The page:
Wednesday, July 25, 2007


Today's New York Times includes substantial coverage of gluten-free dining in New York City—but if you're reading this, there's a good chance you already know that, because the main article mentions this very blog (among other blogs for the gluten-free in NYC).

The blog nods from the Times can be found in "For the Gluten-Averse, a Menu That Works" by Jennifer Romolini. Her article focuses largely on the Greenwich Village restaurant Risotteria but also offers an unusually nuanced overview of what it's like to dine gluten-free in the city: potential relationship issues, the communal feeling among patrons at Risotteria, the recent addition of Everybody Eats bread at Bistango, Catherine's "crouton surprise" found at the bottom of a salad, and the growing number of sympathetic restaurants in the Big Apple (although, as Dr. Peter Green notes, "In a city as big as New York, for there to be so few safe restaurants, that’s just really bad").

The coverage [noted this morning on NY1's "In the Papers" media roundup] extends to the gluten-free cooking experimentation of Risotteria's Joseph Pace, then takes a big, important step in sharing a version of Risotteria's breadstick recipe—that's what I call generous!

The Times package also includes "Especially for the Sensitive Diner", a list of city restaurants with gluten-free dishes; most of the eateries participate in the invaluable Gluten-Free Restaurant Awareness Program (GFRAP) and appear on the Gluten-Free NYC Dining Map.

After my first reading of the coverage, I do have one quibble: The main article states that gluten "lurks in soy sauce, brewer’s yeast, bourbon, vegetable starch, vinegars, salad dressings, processed cheeses and some spices." Bourbon and vinegars should not have been included on the list. [Clarification: Malt vinegar is widely recognized as being forbidden on a gluten-free diet. However, research so far (including reports from myth debunker Ann Whelan of Gluten-Free Living, which has advisory boards including Dr. Joseph Murray of the Mayo Clinic and Dr. Peter Green as well as dietitians Cynthia Kupper of the Gluten Intolerance Group and Anne Lee) supports the position that vinegars are basically suitable for people on gluten-free diets. I am not aware of any research findings that support the idea that bourbon is unsuitable for a gluten-free diet. There are certainly instances of individuals claiming to have "a reaction" to bourbon and non-malt vinegars as well as other foods...and I do think that individual reports should be taken seriously...but I also think that research findings must be recognized, especially when sharing information through mass media, including newspapers and the Internet. Considering individual reports and years of my own experiences with my understanding of the research, I don't think there is evidence of any gluten in bourbon or, say, white or rice or balsamic vinegar or even spices (as opposed to spice mixes), but I would certainly welcome more research on the subject.]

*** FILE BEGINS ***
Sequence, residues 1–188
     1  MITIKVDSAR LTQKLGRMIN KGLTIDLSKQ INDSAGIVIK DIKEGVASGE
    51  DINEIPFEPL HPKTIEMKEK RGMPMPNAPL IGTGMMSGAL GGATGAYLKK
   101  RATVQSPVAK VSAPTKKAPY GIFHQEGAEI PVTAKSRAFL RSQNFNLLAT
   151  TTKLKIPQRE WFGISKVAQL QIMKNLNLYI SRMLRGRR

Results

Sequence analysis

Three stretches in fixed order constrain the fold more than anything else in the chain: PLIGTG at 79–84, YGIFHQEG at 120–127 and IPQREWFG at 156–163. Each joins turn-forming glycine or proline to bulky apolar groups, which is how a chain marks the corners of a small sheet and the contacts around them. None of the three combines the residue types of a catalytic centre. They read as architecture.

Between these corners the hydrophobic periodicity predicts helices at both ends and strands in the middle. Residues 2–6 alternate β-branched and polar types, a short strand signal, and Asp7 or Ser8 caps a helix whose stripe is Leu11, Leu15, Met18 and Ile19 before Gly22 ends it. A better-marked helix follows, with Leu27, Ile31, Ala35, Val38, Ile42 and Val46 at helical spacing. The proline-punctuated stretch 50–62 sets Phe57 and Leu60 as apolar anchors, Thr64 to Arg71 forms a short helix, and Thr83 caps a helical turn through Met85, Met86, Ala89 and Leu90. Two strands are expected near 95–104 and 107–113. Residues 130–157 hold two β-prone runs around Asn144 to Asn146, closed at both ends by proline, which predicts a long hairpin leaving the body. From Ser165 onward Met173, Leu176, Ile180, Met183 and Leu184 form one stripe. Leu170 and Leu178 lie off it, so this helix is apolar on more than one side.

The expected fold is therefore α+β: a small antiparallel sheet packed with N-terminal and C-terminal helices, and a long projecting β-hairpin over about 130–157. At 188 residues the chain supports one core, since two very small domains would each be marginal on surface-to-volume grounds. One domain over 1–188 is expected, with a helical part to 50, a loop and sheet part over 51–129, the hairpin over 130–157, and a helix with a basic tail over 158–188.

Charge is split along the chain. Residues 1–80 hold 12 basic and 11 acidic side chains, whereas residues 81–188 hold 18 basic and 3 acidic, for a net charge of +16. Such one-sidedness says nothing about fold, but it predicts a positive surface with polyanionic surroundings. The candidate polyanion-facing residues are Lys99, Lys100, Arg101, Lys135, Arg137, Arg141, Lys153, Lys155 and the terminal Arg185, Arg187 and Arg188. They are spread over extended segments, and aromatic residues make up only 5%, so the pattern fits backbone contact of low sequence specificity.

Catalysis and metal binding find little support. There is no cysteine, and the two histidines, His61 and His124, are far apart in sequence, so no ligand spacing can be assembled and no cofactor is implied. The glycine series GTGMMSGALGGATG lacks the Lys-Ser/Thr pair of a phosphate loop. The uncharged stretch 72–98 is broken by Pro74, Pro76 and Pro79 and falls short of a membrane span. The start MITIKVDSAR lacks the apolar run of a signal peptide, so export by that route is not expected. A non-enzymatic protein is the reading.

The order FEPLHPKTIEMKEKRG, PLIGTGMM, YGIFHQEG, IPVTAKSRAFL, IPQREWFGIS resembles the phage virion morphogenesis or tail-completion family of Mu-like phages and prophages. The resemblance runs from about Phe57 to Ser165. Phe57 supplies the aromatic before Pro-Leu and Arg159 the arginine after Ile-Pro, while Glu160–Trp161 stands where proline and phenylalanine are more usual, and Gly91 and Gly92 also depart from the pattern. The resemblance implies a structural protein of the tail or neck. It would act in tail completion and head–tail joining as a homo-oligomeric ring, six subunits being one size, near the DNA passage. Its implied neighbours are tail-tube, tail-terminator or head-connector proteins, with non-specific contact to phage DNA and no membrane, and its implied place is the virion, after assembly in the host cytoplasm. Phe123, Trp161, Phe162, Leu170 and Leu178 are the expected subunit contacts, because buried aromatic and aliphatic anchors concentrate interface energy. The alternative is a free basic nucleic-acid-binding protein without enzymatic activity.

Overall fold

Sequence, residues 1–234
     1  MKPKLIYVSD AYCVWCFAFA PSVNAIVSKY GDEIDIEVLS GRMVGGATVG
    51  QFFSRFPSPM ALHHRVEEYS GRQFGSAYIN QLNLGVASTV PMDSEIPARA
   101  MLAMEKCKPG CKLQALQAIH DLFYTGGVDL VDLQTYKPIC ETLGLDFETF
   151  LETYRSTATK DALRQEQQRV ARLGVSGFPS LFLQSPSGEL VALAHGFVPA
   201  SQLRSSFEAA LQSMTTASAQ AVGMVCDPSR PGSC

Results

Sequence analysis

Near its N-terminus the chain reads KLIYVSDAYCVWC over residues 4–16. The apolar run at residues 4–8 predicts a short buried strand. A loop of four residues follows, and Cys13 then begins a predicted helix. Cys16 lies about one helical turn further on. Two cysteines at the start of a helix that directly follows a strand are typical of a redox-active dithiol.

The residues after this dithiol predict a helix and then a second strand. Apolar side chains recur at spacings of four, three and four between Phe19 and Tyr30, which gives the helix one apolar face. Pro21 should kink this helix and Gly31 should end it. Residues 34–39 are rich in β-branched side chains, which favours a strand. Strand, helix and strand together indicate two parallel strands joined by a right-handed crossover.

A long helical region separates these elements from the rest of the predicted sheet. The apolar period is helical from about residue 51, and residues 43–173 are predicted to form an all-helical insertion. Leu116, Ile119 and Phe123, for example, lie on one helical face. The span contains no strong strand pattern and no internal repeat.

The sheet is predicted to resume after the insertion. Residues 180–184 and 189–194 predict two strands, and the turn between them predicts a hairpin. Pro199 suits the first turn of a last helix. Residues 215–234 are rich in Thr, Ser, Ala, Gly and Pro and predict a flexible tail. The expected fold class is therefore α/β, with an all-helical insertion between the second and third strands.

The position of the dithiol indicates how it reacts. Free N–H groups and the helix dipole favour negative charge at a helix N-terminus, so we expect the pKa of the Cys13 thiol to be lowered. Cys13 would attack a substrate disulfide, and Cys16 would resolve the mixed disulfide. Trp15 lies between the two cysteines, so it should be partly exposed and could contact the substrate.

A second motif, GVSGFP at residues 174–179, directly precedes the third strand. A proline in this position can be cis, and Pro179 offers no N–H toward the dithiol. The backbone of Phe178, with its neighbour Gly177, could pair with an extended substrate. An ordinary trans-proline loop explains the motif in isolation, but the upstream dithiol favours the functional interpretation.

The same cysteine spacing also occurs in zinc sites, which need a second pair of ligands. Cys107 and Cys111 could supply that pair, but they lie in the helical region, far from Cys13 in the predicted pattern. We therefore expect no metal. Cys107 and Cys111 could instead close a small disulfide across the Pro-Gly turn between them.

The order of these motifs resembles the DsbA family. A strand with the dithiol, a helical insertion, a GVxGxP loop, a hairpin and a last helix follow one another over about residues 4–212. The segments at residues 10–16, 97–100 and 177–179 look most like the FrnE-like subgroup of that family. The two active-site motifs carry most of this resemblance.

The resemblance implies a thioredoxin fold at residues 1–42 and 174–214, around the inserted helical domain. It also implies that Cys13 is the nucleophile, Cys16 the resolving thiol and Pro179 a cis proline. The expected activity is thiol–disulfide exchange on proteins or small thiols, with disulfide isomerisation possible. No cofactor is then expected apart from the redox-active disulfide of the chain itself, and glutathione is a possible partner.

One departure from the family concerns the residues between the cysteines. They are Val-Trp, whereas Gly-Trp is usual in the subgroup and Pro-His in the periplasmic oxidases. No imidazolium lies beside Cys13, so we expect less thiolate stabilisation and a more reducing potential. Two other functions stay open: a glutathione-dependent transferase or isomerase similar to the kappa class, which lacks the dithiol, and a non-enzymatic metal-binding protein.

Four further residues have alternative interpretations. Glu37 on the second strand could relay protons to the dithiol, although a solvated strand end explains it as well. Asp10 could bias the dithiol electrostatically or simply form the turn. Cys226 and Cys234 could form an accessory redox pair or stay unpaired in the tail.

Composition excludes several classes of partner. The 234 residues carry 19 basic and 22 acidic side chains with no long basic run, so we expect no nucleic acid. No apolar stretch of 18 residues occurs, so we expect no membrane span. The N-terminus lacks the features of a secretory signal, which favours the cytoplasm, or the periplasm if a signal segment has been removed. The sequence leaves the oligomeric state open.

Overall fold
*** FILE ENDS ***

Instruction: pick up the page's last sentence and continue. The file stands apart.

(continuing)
[And now, after reading the message board of the New York City Celiac Disease Meetup Group, I realize that the article doesn't clearly communicate that there is indeed an active Meetup group in the city. No biggee—I just thought I'd offer the link in case anyone might have an interest.]